Delaney: Matt?

Schwartz: I'm going to go really big picture. Hopefully not too vague, but just the pervasiveness of cybersecurity, in everything around us, is going to be my answer. If you think how far we've come in recent years, in terms of Russian interference, for example, in the 2016 US elections; if you think about now, the Russia-Ukraine war, I'm hitting that Russia theme again there, but if you think about the war that we have now in Ukraine; and the degree to which cyber hasn't been seen. Cyber is a component of so many things in the world now. And it's being discussed like never before. I don't know where we go from here. Obviously, cybersecurity is not going to get any less important. I suspect, we're going to have a bit more nuance about how we discuss it. And again, with this war, the Russia-Ukraine war, we're talking about where it's not appearing. 5-10 years ago, we wouldn't have been having those types of conceptual discussions. It would have been, oh, hey, there's this cybersecurity component everyone should be concerned about. We've come a long way. I don't know what happens next but I think there's going to be a lot of cyber in the discussion. And again, hopefully, it does come with more nuance.

Delaney: Right on! I thought you're going to say AI-killer robots but you didn't.

Schwartz: We can go there too, if you want. It was my last week's response. You looked all sad when I said that. So I thought I would save the killer robots for later, like maybe Halloween.

Delaney: Good idea! Suparna, what are you thinking?

Goswami: I'll probably continue Matt's theme of Russia-Ukraine war. We'll likely have a global cybersecurity coalition going ahead. Something like the UN or the NATO specifically for cybersecurity, perhaps, I'm just imagining. But I don't think it's too far away, where we all have these nations collaborating with each other, in a coalition.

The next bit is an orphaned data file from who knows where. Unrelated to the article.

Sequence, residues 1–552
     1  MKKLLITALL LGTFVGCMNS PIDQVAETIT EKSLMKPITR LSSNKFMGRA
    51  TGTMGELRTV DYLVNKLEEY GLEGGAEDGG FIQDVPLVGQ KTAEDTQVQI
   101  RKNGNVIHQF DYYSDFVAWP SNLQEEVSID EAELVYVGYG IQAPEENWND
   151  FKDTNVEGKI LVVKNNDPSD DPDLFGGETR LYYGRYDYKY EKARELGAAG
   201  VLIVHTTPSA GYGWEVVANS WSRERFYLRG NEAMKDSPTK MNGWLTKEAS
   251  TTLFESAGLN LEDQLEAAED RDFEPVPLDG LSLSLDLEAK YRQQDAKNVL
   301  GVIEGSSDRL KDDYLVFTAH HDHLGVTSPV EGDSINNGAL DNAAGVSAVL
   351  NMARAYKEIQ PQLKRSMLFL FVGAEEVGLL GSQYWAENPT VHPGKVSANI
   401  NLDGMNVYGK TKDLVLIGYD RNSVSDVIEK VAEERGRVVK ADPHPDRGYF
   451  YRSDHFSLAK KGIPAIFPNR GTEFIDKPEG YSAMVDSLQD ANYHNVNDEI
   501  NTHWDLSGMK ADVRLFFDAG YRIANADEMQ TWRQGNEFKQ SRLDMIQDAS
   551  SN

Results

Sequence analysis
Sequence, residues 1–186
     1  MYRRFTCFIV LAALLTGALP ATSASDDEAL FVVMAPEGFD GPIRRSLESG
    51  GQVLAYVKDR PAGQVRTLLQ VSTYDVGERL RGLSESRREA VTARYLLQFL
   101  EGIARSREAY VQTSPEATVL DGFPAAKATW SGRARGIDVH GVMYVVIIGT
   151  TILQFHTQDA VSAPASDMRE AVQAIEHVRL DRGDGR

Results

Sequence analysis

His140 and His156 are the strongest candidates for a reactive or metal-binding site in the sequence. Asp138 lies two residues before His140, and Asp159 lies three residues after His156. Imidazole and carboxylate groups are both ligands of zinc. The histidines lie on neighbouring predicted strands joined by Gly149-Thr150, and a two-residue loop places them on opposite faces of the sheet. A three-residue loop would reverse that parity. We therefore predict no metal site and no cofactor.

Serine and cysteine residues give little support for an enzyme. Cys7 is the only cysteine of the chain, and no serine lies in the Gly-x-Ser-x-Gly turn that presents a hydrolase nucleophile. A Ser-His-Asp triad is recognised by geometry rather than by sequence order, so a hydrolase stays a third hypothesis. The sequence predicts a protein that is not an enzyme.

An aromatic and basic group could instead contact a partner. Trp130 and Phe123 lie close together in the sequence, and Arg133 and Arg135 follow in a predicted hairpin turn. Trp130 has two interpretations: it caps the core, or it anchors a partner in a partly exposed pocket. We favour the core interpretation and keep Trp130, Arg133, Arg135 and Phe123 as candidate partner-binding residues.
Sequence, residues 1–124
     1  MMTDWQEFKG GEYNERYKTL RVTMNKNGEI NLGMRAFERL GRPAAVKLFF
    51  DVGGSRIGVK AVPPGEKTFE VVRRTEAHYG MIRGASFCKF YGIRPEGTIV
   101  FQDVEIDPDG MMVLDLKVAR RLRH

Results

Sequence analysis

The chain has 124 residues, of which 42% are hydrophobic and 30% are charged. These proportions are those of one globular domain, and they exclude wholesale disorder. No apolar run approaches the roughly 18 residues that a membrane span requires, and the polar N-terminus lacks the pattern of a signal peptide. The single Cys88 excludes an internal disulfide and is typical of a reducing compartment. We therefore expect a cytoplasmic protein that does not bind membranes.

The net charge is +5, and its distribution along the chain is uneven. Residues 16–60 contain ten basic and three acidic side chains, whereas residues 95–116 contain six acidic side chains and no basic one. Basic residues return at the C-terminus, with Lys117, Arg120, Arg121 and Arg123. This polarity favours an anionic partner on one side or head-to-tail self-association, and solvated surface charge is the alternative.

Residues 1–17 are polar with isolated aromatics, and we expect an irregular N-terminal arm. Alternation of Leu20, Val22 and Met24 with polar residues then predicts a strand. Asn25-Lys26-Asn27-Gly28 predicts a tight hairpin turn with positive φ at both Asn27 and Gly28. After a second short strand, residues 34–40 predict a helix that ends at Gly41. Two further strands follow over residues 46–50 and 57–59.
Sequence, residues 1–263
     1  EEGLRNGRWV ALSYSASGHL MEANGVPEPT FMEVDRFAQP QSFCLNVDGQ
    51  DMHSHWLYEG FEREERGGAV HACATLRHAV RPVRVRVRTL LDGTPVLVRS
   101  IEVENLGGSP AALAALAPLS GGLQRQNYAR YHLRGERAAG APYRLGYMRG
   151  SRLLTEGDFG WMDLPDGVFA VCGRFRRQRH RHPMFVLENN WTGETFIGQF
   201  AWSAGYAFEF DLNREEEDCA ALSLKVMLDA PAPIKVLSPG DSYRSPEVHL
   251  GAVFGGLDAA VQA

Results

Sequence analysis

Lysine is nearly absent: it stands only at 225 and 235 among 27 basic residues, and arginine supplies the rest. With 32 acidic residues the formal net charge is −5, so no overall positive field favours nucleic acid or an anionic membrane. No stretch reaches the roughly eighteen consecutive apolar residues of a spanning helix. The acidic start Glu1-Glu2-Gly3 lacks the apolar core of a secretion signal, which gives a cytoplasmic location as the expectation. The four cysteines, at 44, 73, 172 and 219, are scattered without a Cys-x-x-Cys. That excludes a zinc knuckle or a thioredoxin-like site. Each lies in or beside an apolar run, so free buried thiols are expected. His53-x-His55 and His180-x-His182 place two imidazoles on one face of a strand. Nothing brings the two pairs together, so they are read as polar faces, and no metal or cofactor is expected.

Delaney: Yeah, that's a good suggestion. What about just another basic error? Maybe that's the next big thing we're going to be reporting on. Unfortunately!

Field: E-R-A or E-R-R-O-R?

Delaney: Keep us thinking, Tom.

Schwartz: Error as in widespread vulnerability in literally everything in the world, which seems to happen once, twice, three, four times a year sometimes.

Field: Pick a holiday.

Delaney: Pick a holiday. Well, thank you very much, Suparna, Tom, Matthew. Always a pleasure. Thank you so much for watching. Until next time!

About the Author

Anna Delaney

Anna Delaney

Director, ISMG Productions

An experienced broadcast journalist, Delaney conducts interviews with senior cybersecurity leaders around the world. Previously, she was editor-in-chief of the website for The European Information Security Summit, or TEISS. Earlier, she worked at Levant TV and Resonance FM and served as a researcher at the BBC and ITV in their documentary and factual TV departments.